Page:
Start from the perspective of a neutral third party.

“Our new filing system has a glitch and because of that our client did not get a document on time and had to pay a penalty. We need to fix this so it doesn’t happen again. Help me understand what we need to do.”

Not:

“I am really upset about the way you programmed the new document system. Because of your incompetence I got blamed and the client paid a penalty fee. What do you have to say for yourself?”

With a difficult conversation, emotional content bubbles up that is not expressed outwardly. This unspoken internal dialogue impacts the conversation but no one talks about it. Embarrassment, shame, righteous indignation and other intense feelings get activated. We engage in the psychology of self-defense: sarcasm, anger, and blame. Remember the Saturday Night Live skit where the irate pundit trades insults with the female talking head? “Jane, you ignorant slut!” Once our internal emotions are stirred up and slosh over into our conversation, it’s no longer productive.

Fourth: Follow these guidelines for having a difficult conversation

It may not be possible to have a productive difficult conversation with everyone. Some people are not mature enough. Shaky self-esteem, narcissism, and other emotional problems can make it hard to have a tough conversation with some people. But if you have a reasonably mature colleague, here are five guidelines to use.

1. Be Curious
A simple shift in mind-set can change the tone of the conversation. Say: “Help me understand,” “I’d like to know,” “I’d like to learn.” All of these openers give permission to the other person to explain and learning can take place.

2. Abandon Blame
Do not argue about who is right. Blame sabotages the conversation by getting people into self-defense mode. Focus on contribution. What can you own up to that contributed, even if it was a small part of the problem? Take ownership of any part you played, so that others will “fess up” too. The result is greater transparency which will help improve the process.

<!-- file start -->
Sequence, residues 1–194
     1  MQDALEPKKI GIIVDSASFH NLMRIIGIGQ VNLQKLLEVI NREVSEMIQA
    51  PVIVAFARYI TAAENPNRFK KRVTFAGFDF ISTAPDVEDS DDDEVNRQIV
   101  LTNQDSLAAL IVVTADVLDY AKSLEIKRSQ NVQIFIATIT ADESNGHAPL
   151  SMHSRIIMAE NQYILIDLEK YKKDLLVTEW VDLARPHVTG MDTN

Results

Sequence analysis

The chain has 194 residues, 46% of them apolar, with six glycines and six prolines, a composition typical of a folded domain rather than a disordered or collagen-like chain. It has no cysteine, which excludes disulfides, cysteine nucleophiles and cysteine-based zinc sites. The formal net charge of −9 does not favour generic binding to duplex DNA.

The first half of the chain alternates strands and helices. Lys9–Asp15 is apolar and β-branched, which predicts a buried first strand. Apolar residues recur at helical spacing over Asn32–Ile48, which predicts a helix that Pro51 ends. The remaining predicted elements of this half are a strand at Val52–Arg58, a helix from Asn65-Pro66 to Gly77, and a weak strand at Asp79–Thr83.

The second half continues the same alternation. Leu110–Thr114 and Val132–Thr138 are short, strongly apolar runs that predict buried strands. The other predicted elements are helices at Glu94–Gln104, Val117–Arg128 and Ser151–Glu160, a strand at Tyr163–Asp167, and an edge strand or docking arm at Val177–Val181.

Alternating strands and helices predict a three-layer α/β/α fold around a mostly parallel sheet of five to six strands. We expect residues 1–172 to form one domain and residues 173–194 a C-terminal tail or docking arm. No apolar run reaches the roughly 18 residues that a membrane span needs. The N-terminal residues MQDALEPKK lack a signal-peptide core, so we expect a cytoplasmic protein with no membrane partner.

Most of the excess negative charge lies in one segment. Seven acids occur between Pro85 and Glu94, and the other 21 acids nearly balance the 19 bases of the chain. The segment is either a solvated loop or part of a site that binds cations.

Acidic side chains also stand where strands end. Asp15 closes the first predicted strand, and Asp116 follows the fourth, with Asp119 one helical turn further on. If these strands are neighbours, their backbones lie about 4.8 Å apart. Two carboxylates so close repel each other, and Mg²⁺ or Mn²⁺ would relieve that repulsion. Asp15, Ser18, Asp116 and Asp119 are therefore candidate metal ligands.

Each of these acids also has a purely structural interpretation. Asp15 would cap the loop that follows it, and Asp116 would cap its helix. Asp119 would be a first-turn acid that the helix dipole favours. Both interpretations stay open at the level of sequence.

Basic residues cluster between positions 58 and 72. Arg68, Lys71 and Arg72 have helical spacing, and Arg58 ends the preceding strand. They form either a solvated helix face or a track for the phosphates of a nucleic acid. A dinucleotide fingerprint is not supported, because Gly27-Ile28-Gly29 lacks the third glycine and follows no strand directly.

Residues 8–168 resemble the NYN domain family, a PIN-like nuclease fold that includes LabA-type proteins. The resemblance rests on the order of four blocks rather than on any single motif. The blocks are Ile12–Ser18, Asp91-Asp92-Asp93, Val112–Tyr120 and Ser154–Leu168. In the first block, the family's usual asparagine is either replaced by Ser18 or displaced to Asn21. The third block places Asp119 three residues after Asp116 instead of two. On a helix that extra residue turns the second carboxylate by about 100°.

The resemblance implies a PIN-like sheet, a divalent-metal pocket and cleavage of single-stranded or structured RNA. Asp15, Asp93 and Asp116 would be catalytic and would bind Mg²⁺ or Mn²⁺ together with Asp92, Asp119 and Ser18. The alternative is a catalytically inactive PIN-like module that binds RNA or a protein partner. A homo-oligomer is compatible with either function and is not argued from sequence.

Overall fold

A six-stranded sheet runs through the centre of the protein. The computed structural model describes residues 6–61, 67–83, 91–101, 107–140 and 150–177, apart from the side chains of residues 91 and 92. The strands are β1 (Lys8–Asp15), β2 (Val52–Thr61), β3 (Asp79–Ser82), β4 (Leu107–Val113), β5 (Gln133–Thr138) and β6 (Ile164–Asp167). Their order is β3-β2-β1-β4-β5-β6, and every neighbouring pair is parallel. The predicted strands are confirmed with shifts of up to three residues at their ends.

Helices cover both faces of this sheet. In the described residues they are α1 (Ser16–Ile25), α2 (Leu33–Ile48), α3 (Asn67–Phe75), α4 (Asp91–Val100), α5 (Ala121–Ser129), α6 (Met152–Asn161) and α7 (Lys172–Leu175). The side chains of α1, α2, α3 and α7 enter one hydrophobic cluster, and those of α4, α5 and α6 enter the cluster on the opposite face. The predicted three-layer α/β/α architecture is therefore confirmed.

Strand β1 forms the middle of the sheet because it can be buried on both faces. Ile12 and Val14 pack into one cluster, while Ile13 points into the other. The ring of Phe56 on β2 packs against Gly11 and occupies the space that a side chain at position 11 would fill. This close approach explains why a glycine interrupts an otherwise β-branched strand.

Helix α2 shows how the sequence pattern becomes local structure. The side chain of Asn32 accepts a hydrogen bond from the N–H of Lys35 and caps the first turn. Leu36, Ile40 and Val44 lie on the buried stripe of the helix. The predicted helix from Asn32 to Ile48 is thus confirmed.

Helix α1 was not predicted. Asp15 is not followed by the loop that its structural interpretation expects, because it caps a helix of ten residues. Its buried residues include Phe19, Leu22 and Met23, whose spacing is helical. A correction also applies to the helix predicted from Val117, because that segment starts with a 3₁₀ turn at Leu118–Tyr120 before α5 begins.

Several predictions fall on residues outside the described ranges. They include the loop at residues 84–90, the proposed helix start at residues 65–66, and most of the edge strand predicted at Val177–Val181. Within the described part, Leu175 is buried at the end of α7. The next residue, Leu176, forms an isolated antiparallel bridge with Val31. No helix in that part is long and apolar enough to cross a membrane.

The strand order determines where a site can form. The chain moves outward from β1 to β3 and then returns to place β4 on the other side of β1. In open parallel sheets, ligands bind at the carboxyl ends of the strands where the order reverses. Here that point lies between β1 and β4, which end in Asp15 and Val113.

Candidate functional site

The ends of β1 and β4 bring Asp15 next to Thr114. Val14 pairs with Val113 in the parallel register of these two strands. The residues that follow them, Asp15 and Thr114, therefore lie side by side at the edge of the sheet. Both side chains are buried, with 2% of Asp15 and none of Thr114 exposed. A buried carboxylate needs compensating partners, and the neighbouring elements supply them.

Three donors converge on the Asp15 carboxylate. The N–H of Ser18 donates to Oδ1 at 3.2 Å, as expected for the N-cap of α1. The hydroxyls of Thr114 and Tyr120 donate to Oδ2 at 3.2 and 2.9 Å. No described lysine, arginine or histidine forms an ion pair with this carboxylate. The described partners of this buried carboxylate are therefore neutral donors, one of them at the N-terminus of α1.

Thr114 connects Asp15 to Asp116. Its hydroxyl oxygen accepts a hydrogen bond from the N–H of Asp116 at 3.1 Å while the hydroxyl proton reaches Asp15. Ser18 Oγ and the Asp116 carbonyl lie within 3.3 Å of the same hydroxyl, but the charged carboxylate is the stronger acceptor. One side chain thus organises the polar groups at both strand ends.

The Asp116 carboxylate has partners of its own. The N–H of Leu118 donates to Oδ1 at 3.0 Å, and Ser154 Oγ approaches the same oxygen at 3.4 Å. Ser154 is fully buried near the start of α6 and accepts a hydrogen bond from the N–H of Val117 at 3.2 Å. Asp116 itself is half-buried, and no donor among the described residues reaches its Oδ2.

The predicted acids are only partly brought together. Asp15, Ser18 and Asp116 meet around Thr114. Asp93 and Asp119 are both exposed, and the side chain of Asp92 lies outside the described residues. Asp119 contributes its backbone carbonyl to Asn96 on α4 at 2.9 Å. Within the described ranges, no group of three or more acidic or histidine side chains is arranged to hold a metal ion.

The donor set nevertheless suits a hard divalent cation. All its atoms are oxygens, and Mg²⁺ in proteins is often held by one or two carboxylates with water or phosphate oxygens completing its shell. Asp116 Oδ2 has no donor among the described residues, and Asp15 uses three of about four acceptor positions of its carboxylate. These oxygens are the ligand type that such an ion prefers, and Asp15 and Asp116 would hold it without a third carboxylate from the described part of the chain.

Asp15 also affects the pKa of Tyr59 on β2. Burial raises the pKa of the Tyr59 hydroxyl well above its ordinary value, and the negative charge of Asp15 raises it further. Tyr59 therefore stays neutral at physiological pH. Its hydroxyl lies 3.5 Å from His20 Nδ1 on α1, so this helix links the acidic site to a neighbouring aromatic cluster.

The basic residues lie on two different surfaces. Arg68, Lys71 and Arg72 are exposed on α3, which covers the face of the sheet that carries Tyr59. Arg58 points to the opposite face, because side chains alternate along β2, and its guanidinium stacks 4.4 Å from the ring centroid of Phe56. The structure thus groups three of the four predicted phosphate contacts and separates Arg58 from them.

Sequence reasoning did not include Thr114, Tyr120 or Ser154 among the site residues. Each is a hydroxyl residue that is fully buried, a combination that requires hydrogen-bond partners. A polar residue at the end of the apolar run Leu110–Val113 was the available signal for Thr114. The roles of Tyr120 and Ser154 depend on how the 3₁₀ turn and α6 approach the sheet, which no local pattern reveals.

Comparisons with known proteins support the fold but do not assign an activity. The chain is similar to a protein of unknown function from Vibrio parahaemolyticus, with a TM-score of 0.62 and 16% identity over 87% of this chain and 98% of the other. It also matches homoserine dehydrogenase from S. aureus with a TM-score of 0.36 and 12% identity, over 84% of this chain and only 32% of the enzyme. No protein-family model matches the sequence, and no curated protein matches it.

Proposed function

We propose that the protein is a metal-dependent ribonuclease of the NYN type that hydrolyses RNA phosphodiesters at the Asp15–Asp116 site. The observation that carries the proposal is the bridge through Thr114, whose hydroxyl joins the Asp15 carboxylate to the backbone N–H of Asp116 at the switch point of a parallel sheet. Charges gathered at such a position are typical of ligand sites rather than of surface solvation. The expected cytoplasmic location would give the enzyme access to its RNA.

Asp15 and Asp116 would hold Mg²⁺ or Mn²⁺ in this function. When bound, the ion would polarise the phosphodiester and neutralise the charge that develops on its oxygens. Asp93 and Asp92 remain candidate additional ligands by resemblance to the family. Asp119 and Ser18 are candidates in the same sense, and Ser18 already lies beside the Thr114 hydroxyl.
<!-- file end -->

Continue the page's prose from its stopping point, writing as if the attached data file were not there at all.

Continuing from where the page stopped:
3. Do Not Assume You Know the Other Person’s Motives
Be skeptical about your own good intentions and actions. Give the other guy the benefit of the doubt. Do not start with pre-conceived ideas.

4. Be Empathic
Monitor your own feelings (e.g., “I feel embarrassed about missing something others think is obvious. I am failing at my job.”), or anger (e.g., “I am not appreciated!”), or other emotions. Understand the probable feelings in the other person, including shame, guilt, anger, and more.

5. Acknowledge Other’s Feelings
If people have their feelings acknowledged it helps diffuse their anger. “You must be upset. I am sorry you have to deal with this after all you did to make the system work.”

These five guidelines arm you with the right attitudes to have a good talk about tough things. If both people have these attitudes, the conversation will go well. Even if you are the only one with this mind-set, the conversation should go well if the other person is reasonably mature.

Even if you are tempted, never have a difficult conversation by e-mail or on the run. It will not create a lasting positive result.